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I have long been intrigued by shifts in popular taste like the growing aversion to gluten. I am also wary of the influencers amongst us, like talk-back hosts, and other well-knowns, who announce that they like or dislike someone or something, causing consumers to rush to emulate them.
Tennis star Novak Djokovic attributes his return to form to a gluten-free diet, and there follows a surge in the prevalence of gluten-free items. Every menu I pick up these days is peppered with the phrase ‘gluten-free’.
However, I may have to abandon my scepticism, and acknowledge the trend as reflecting a genuine medical condition, and not merely one more dietary predilection among thousands. I had a friend who suffered from irritable bowel syndrome, and his discomfort and debility was evident and real. It was a form of coeliac disease, a common condition in which the absorptive surface of the patient’s small intestine becomes damaged due to the body’s inability to process gluten properly.
Gluten is a mix of two proteins and is present in wheat, barley, rye, and other grains. Thus, popular foods like bread, pasta, muffins, cookies, pizza, and many brands of cereal have high levels of gluten.
The typical symptoms of coeliac disease include abdominal pain, weight loss, fatigue, irritability, chronic diarrhoea, and a sense of bloating and enzyme abnormalities.
Why should grains that we have been eating for as long as 14,000 years suddenly become too hard to stomach? What is it about the grain-based foods that most of us are eating which could be causing one in ten people to exhibit digestive difficulties?
Modern wheat has been bred to the requirement of industrial bakeries to have higher levels of stronger gluten to facilitate the so-called ‘gluten web’, the binding element in dough without which we would have heaps of crumbs rather than a cohesive loaf. Furthermore, our great-grandparents’ grain was not sprayed with pesticides. These days, it is common practice among non-organic farmers to spray their wheat before harvest with glyphosate. The International Agency for Research on Cancer classifies glyphosate as a probable human carcinogen. Debate rages about the long-term safety of these pesticides and possible effects on human health, especially when deployed close to harvesting.
What unintended mutations might this have caused in these new, often modified grain varieties, and what effects might they have on consumers? The more gluten, the fluffier and airier your loaf. Making your own bread in a bread machine offers no relief: look at the composition of popular formulas for domestic bread-making mixes, and count the additive numbers. The most crucial step in traditional bread making – long, slow fermentation, the ‘rising of the dough’ – has been stripped out of the industrial manufacturing process, making it possible to create finished loaves in two hours, as opposed to the traditional 16 hours or more. Fermentation, as used in the making of foods such as sauerkraut and sourdough, has been shown to contribute greatly to microbial diversity in our gut microbe, and the loss of a major source of this may be significant.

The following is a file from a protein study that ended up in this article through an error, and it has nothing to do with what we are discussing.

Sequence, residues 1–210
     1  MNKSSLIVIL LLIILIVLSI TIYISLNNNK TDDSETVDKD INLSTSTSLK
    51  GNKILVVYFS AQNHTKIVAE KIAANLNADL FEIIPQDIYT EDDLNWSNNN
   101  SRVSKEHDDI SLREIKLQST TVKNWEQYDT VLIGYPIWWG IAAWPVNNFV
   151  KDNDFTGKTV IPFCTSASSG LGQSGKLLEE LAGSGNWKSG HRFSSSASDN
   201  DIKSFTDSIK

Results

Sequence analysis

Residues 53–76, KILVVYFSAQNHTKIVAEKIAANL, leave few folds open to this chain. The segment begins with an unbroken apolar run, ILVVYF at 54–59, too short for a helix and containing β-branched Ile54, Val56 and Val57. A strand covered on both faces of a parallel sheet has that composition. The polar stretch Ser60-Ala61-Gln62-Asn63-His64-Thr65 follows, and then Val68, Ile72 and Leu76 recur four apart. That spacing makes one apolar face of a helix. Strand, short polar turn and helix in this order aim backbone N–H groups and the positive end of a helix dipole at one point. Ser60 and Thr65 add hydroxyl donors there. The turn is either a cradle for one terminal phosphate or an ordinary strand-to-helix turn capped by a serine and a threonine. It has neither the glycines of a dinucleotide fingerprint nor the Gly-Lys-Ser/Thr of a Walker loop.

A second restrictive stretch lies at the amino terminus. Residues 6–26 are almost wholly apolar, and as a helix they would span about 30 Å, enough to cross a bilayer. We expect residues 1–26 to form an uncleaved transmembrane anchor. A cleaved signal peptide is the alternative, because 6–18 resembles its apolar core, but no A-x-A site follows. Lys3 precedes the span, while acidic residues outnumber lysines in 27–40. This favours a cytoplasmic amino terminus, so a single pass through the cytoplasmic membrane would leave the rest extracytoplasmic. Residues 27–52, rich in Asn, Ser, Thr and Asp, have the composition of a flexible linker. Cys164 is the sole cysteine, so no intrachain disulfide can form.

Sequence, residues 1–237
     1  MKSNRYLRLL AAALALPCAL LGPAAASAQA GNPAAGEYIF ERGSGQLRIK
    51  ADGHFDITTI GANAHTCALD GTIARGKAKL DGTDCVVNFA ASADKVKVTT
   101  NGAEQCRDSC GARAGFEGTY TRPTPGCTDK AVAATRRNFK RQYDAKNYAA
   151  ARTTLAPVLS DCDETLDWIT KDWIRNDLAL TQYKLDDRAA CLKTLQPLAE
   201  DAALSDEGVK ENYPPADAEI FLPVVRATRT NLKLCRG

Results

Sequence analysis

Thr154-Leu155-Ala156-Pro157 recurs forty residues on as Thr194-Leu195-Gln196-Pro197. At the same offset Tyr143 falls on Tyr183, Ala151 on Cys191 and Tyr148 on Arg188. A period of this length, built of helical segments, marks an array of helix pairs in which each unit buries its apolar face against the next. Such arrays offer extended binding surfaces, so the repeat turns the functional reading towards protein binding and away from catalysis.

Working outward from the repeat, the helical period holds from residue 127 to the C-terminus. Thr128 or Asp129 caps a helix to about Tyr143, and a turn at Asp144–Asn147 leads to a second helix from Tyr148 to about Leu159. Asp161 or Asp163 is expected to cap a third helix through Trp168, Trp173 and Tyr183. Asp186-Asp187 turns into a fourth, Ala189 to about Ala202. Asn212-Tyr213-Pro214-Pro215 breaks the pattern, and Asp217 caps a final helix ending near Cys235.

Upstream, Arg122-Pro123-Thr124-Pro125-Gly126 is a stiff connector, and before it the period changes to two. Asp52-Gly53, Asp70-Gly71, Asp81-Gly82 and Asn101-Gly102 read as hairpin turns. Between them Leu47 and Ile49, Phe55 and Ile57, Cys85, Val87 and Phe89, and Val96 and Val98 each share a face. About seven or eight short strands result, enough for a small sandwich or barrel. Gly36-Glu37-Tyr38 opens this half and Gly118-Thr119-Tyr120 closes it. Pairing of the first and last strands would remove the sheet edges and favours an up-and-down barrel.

One study found that emulsifiers, common food additives found in industrial breads and baked goods, may promote intestinal inflammation by disrupting the barrier between the immune system and our microbiome, the collection of microbes that inhabit our bodies and control a large part of our metabolism. The primary factor associated with allergic and autoimmune disease is apparently loss of species diversity from the ecosystem of the human body, the human biome. Other medical conditions, such as autism, schizophrenia, bipolar disorder, migraine, have been linked to disruptions of the biome.
Unfortunately it is not just the food we eat that may be to blame. There can be hidden gluten in medications and other products. Thus, patients with coeliac disease should avoid certain lipsticks, some mouthwashes, vitamin supplements, and medication. Given the rampant interaction between pharmaceutical chemistry and the bakery, this is hardly surprising. Nor is it surprising that the market, that never-resting sensor of opportunity, has picked up on this. Look for gluten-free toothpaste next time you’re shopping. I’m not kidding.
Henceforth I am going to be more sympathetic to those compelled to avoid gluten in their diets. They will need all the luck and sympathy they can get in today’s abundance of prostituted and over-manufactured foods. Finding a workable diet free from gluten is challenging if one wants to eat from a real-food menu and stay as far away from ultra-processed junk as possible.
John Fleming II
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